N.B. More results from other i7 CPU Coolers will be added in due course.
As you can see from the graph above, the Coolage X120TF absolutely thrashed the Stock Intel cooler. So much so, that the Coolage’s overclocked temperatures were better than the Intel’s stock ones.
Due to the ridiculously low temperatures I felt I still had a bit of headroom for some extra overclocking.
After kicking the CPU Vcore to 1.2v and raising the BCLK to 181 I managed to achieve a stable overclock of 3.8GHz.
Still though, the temperatures seemed reasonably low. So back into the Bios again, I upped the CPU Vcore to 1.25v, gave the QPI/DRAM 1.3v and changed the BCLK 190. This gave me an approx 4GHz overclock which is still, rock stable. After benchmarking it using SuperPI, I can conclude with the temperatures from both overclocks:
The 3.8GHz ones are certainly fine as they’re actually lower than the ones achieved by the Stock Intel cooler at mere stock clocks.
Although the temperatures from the 4GHz overclock are still okay, I don’t like having my CPU running over the 75 degrees mark. Therefore, I stuck with the 3.8GHz overclock. I’m pretty sure, if i spent a little more time tinkering, my i7 920 could go even further.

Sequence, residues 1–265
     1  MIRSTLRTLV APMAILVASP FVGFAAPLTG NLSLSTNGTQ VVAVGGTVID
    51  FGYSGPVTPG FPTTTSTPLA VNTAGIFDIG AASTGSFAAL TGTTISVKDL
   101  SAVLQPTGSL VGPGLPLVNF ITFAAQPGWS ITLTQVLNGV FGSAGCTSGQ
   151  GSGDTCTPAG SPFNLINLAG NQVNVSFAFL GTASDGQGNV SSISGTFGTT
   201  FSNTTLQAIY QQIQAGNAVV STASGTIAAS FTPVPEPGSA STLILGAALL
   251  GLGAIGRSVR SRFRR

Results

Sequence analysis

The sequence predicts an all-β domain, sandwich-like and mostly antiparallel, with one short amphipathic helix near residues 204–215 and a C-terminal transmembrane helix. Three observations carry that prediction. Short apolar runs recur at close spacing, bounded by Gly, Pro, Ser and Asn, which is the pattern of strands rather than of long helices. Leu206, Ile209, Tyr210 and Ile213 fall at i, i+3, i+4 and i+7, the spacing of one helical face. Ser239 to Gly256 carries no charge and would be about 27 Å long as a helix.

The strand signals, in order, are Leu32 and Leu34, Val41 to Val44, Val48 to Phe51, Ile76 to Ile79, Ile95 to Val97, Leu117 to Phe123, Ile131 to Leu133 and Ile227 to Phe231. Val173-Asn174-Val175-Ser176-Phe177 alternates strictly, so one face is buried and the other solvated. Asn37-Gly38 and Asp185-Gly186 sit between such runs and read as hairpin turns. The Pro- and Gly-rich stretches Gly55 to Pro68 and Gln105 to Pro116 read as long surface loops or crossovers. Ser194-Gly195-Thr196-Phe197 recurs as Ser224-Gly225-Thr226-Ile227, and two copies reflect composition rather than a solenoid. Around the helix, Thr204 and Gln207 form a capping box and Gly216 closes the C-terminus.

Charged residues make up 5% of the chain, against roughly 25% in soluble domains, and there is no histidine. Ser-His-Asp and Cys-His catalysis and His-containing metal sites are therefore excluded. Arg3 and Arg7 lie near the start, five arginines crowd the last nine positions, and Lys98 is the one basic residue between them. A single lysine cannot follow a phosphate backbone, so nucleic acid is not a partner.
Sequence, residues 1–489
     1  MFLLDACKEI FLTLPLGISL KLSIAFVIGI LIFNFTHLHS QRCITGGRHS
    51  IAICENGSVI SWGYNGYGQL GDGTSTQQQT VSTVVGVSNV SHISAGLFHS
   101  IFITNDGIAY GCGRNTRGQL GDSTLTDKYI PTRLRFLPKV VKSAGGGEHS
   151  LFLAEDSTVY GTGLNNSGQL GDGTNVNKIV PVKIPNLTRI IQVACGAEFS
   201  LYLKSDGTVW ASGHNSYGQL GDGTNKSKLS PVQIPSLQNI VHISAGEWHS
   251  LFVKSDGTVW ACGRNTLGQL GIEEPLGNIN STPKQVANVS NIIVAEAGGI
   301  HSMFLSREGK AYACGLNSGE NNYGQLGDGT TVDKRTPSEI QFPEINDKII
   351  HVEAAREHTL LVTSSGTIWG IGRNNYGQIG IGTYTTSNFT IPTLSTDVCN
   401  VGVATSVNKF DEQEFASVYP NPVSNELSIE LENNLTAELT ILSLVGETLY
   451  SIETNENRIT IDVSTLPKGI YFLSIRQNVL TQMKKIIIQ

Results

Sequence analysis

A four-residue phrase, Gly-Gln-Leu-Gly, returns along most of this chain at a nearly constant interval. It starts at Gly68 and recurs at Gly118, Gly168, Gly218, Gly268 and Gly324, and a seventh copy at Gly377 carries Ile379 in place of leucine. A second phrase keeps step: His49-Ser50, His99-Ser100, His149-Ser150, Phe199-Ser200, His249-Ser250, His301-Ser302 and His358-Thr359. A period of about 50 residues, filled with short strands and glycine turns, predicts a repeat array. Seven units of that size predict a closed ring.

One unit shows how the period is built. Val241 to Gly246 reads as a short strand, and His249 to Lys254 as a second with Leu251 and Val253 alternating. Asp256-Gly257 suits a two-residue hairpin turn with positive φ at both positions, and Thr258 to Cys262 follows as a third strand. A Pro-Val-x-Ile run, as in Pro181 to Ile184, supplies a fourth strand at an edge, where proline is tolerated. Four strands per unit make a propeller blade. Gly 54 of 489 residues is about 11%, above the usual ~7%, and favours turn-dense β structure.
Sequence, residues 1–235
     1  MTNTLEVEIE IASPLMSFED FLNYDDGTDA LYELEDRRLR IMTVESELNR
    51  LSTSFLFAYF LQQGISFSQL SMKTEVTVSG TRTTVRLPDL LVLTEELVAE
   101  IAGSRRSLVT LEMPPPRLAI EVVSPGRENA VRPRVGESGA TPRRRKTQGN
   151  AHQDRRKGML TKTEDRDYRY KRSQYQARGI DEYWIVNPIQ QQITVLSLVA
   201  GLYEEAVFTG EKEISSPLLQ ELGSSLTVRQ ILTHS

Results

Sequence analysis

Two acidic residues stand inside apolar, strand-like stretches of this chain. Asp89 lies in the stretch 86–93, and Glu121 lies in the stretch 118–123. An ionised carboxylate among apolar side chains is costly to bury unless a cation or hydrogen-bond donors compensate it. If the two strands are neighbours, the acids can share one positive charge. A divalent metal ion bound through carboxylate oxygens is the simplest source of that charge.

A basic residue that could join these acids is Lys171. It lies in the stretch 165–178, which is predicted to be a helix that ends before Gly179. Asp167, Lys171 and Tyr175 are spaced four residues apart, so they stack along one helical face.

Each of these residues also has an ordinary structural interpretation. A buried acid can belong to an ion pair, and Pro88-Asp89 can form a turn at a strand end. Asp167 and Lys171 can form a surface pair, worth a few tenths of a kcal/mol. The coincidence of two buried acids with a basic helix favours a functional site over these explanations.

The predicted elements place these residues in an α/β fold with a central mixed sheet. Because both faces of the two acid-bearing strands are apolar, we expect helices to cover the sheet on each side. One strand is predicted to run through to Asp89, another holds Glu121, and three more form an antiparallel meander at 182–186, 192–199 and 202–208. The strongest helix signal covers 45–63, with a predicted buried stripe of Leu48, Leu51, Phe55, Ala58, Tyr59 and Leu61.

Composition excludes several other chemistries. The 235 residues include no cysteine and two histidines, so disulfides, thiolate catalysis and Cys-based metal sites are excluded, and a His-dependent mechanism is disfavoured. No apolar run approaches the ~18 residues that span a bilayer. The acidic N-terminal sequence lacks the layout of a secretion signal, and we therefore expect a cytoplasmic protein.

To see my 4GHz overclock settings, click here.
As the Coolage X120TF is just a heat sink – no fan is included – its noise is affected more dominantly by the choice of fan installed. However, after trying a number of different fans on the heat sink, I can confirm that if you choose the correct fan (such as a Noiseblocker Black Silent) you will end up with a very silent but effective CPU Cooler. The new fin design definitely reduces turbulence.